Command: Modern Operations

CMO is barely a game. It feels more like a medium-grade professional military simulation tool, and in a lot of ways, that's exactly what it is. There's a astonishing library of weapons and platforms, and it's almost worth the price for that alone, particularly if it's on sale. You can play existing scenarios or build new ones as you choose, with the only word of caution being that the database splits in half around 1975, so you can't put a WWII-era battleship up against F-35s. Obviously, the simulation isn't perfect, but it's pretty good, and I've used it several times as the basis for posts here.

War in the Pacific - Admiral's Edition

Quite old now, this is less naval and more grand strategy, but a full game back in college explains about 70% of my grasp of the geography of the far corners of the Pacific. The developers went to extreme lengths to include almost every plane, ship and ground unit that fought in the Pacific, and while I do think the Allied simulation is a bit too much on the rails (you get and have to give up the same ships at the same time as you did IRL, even when that doesn't necessarily make sense) it's a really good look at the scope of the more interesting side of WWII.

Cold Waters

A submarine game, set primarily in the Cold War. I haven't played a lot of it, and the biggest downside is that it's primarily set in third person view, which feels entirely wrong for submarines.

Atlantic Fleet

From the same people as Cold Waters, and I've played more. It's reasonably fun as a game, but pretty terrible as a simulation. The biggest issue is that it's turn-based and each ship gets one movement and one attack per turn. This gives big guns a tremendous advantage, in a way that doesn't really make sense. Also, hunting submarines is annoying, and not in the way it should be. You know where they are, but getting destroyers into position without them getting torpedoed is a pain. There's a moderately decent campaign mode, but you only get new ships by sinking enemy ships, which is a problem after you wipe out the German surface fleet in the first month or two of the war. Overall, probably not recommended.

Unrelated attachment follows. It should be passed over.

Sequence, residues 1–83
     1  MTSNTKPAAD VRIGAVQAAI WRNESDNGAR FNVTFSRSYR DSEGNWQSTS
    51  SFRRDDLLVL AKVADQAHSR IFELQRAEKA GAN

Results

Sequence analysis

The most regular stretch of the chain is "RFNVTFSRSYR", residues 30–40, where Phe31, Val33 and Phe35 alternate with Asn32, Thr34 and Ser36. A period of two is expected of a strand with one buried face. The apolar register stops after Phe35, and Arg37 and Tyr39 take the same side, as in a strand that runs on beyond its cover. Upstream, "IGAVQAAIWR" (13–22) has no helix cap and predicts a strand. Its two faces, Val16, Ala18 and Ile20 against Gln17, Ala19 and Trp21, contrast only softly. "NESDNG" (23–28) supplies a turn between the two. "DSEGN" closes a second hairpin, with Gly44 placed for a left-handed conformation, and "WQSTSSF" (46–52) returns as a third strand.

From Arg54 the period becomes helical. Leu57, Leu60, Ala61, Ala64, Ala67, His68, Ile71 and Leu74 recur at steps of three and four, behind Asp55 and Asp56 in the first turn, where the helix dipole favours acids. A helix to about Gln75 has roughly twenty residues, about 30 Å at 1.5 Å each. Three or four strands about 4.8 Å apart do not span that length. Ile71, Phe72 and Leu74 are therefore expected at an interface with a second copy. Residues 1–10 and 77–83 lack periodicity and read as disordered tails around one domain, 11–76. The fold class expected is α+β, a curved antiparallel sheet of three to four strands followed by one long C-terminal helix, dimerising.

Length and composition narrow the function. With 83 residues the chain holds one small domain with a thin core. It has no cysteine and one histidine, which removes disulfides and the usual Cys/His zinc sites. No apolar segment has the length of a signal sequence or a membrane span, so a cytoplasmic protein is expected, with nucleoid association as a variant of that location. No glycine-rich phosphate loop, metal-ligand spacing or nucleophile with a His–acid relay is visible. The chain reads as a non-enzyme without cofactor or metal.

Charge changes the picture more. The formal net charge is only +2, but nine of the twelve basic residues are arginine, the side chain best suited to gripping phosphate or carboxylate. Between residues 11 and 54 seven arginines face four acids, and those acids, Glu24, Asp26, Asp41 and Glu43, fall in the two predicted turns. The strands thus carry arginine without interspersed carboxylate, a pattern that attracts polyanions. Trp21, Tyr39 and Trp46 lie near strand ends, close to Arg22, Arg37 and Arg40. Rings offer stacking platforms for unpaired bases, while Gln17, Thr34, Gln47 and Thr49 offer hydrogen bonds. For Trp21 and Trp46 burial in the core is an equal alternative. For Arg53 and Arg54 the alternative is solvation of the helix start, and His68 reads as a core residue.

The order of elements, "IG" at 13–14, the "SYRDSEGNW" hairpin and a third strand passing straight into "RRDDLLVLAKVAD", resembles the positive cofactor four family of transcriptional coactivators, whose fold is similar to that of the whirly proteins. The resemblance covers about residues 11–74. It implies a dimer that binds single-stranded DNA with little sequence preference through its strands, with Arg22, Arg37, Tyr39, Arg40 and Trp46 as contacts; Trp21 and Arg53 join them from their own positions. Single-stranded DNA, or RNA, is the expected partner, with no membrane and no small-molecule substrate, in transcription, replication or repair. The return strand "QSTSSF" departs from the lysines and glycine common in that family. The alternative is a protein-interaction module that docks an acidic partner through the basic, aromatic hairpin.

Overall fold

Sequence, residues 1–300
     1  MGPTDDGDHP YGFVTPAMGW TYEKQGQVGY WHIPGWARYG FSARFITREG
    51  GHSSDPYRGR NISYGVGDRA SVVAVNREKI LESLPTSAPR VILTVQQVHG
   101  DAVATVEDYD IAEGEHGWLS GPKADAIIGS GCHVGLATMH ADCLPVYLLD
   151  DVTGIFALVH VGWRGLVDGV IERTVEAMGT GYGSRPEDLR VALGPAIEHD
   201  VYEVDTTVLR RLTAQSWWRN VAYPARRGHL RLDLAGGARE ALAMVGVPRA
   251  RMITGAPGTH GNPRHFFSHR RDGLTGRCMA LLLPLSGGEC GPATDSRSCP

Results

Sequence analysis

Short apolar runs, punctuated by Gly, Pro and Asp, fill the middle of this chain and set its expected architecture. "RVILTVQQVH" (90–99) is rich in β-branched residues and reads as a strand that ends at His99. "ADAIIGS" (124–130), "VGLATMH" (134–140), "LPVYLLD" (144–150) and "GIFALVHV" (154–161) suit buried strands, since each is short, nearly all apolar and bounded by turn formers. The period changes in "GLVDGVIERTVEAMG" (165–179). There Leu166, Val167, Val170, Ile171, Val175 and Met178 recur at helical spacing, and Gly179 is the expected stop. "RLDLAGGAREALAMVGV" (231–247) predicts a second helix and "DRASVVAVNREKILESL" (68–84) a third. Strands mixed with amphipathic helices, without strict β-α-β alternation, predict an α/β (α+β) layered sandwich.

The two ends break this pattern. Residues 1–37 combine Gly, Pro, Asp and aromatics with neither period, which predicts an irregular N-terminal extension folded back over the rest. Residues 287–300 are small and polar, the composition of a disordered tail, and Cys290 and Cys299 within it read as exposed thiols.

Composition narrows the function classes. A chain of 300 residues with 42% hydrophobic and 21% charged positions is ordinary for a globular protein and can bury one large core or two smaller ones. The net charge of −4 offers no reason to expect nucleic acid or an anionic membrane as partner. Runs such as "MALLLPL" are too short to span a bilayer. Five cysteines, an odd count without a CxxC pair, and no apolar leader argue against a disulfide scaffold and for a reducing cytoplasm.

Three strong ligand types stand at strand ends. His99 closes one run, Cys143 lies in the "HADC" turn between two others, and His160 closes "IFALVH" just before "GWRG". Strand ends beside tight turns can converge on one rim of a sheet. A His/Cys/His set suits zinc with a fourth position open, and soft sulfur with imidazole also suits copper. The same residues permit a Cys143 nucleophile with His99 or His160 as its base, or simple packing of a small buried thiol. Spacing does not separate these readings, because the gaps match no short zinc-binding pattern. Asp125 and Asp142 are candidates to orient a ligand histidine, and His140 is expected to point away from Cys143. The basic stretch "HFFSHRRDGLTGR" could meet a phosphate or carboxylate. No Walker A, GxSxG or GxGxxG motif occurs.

SpringSharp

Not really a game, but the closest that anyone has come to "Warship Engineering Simulator", at least for battleships. It's at least an attempt to create a tool for doing medium-level design work on warships in the 1900-1950 period, and, after a decade of silence, it appears that it's finally being worked on again. Free, and available online.

The one thing I didn't try for this was World of Warships. I'm not much for competitive multiplayer, and also don't really like their business model. Someone else can review that.

Comments

  1. December 29, 2021ike said...

    Bean, did you try the Patrician series; it's pretty naval focused?

  2. December 29, 2021beleester said...

    World of Warships would probably give you fits over the lack of realism. In general, I'd say it's a very pretty game - the look and sound of the guns firing is just wonderful - but also a very arcade-y one. Distances and speeds are very compressed (so that you're not waiting for an entire minute between gun salvos), the stats of the ships are dictated by game balance more than history, and most ships' special traits are boiled down to cooldown abilities rather than anything you could call a simulation.

    The game is balanced around a sort of rock-paper-scissors relationship: Battleships beat cruisers, cruisers beat destroyers, destroyers beat battleships, which is again, not at all realistic but does give each warship a unique role to play, and there's enough depth and counterplay in the mechanics to keep things interesting.

    Also, you are correct that the F2P grind is awful, which is the main reason I stopped playing. Still, it was fun for the first four tiers or so.